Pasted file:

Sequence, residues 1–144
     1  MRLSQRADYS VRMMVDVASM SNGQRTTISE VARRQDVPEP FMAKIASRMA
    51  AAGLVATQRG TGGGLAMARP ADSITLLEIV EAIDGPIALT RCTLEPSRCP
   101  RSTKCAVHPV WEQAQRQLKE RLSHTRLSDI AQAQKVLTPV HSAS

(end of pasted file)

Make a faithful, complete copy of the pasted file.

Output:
Sequence, residues 1–144
     1  MRLSQRADYS VRMMVDVASM SNGQRTTISE VARRQDVPEP FMAKIASRMA
    51  AAGLVATQRG TGGGLAMARP ADSITLLEIV EAIDGPIALT RCTLEPSRCP
   101  RSTKCAVHPV WEQAQRQLKE RLSHTRLSDI AQAQKVLTPV HSAS